Is raising minimum wage by 20p enough to end “in-work poverty”?
The UK’s national minimum wage is set to rise to £6.70 per hour from October 2015.
Prime minister David Cameron and his deputy Nick Clegg made the announcement yesterday as the government’s top two proclaimed that 1.4 million workers in the country will benefit from the 20p increase.
While the coalition has used the rise to reflect its dedication to Britain’s lower-paid workers, others have not greeted the news with such optimism.
For one, the Trade Union Congress (TUC) do not think this three per cent rise – the biggest real-terms increase for adult workers since 2008 – will go far enough to address the issue of in-work poverty in Britain.
TUC’s general secretary Frances O’Grady said: “For the low paid to get a fair share of the recovery, this was a year in which we could have had a much bolder increase in the minimum wage. With one in five workers getting less than a living wage, this is nowhere near enough to end in-work poverty. Britain’s minimum wage workers should be very fearful of the billions of pounds of cuts to government help for the low paid that the chancellor is planning if re-elected.”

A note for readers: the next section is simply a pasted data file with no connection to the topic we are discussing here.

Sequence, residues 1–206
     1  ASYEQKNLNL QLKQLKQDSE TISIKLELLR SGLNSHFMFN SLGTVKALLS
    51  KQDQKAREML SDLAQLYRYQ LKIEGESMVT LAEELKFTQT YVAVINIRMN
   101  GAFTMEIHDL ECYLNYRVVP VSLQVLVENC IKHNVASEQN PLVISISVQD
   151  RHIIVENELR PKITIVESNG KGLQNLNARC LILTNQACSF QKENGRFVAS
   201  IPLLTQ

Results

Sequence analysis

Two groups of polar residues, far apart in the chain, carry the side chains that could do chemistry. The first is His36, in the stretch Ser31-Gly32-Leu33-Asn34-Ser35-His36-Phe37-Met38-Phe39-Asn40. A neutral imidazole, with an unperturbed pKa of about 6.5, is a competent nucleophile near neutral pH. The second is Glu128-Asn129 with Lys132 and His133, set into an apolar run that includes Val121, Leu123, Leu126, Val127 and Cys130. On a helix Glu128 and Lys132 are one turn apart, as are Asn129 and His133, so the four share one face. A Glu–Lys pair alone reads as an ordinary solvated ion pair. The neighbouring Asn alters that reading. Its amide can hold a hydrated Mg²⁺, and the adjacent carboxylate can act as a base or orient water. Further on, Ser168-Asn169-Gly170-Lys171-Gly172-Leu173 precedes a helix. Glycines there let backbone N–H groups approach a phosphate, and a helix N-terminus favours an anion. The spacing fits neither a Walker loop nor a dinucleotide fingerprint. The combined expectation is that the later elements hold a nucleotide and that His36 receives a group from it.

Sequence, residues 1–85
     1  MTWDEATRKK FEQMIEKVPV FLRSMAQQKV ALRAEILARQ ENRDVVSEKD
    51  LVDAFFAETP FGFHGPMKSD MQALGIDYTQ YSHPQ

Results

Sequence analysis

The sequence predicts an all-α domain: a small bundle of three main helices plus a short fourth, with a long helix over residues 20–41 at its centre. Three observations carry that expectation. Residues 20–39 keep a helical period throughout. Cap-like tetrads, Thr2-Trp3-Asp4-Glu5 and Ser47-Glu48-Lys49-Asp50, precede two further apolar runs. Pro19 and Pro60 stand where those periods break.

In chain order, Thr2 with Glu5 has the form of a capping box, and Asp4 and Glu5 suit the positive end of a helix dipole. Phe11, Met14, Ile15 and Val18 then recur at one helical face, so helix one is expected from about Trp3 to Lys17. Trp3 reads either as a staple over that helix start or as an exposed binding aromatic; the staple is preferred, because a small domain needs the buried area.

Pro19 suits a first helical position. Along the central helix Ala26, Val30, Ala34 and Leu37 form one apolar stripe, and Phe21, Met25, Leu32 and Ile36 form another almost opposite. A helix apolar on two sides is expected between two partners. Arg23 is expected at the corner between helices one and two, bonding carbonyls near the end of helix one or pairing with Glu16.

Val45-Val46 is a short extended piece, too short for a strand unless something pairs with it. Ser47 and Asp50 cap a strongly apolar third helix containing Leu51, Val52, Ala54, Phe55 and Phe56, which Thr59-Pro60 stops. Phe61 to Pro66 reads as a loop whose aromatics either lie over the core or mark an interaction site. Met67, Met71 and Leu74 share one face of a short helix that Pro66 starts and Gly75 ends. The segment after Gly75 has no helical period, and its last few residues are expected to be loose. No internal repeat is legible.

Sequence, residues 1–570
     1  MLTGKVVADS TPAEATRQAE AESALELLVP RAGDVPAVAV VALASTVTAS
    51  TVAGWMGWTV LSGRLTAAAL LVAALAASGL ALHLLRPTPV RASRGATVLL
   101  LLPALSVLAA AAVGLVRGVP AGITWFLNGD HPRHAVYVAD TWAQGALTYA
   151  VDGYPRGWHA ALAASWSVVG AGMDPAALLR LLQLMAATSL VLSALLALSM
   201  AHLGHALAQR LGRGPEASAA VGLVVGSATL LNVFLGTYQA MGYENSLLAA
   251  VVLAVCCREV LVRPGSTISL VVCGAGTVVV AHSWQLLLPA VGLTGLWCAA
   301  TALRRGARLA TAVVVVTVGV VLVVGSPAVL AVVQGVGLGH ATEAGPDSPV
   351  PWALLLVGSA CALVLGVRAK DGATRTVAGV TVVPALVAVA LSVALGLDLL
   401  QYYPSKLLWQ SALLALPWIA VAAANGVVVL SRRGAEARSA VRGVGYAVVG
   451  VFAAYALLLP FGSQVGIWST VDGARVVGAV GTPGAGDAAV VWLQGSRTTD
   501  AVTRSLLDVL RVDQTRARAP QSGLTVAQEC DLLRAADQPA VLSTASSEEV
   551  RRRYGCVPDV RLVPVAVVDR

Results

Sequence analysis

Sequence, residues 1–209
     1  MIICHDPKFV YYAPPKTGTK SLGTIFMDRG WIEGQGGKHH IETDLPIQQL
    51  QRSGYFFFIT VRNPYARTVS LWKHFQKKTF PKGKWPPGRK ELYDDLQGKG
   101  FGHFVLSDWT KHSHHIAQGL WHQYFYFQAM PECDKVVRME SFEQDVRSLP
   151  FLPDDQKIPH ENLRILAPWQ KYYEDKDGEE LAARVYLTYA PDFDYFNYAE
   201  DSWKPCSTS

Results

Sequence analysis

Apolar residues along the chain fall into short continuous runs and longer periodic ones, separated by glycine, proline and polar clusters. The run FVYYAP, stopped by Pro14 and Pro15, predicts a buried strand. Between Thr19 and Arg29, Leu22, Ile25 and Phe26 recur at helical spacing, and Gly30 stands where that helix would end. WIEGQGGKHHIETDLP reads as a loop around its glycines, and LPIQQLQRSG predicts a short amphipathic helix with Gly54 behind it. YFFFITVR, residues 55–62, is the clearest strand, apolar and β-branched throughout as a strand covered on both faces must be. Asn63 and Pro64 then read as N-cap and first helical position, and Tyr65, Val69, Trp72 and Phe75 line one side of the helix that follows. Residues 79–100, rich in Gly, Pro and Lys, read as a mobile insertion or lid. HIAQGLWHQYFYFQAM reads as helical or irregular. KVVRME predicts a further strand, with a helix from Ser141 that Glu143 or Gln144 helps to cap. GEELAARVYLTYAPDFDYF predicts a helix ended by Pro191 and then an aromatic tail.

For someone to exist comfortably outside of London they need to be earning at least £7.85 an hour; in the capital, it is £9.15. It does not take an economist to work out that £6.70 is still some way off both figures.
A 2014 report from the Joseph Rowntree Foundation revealed that incomes among the poorest in the UK have dropped by nearly ten per cent in real terms and that only one fifth of Britons on low pay managed to climb up the wage ladder to a higher salary over the last decade.
Rising costs in the private rental sector and a lack of social housing are also adding to the plight of those earning under the living wage, according to the report; and with these issues still affecting households up and down the country, it is hard to see how the increase in minimum wage will really make a difference.
On a positive note, lower energy prices and fuel costs have helped drive inflation down marginally towards the back end of 2014, with the Bank of England optimistic about the chance of negative inflation over the spring. The rate of Retail Prices Index (RPI) inflation also dropped by 0.5 per cent in December last year, according to the Office for National Statistics.
In terms of the wider debate of living wages in the UK, the Independent’s recent revelations that not one high street chain would commit to the standard living wage for their employees failed to move either Cameron or Clegg to speak out about the issue.
Perhaps one should wonder whether the recent minimum wage increase is a genuine attempt to address in-work poverty, or a last-gasp publicity stunt to sway opinion before a general election.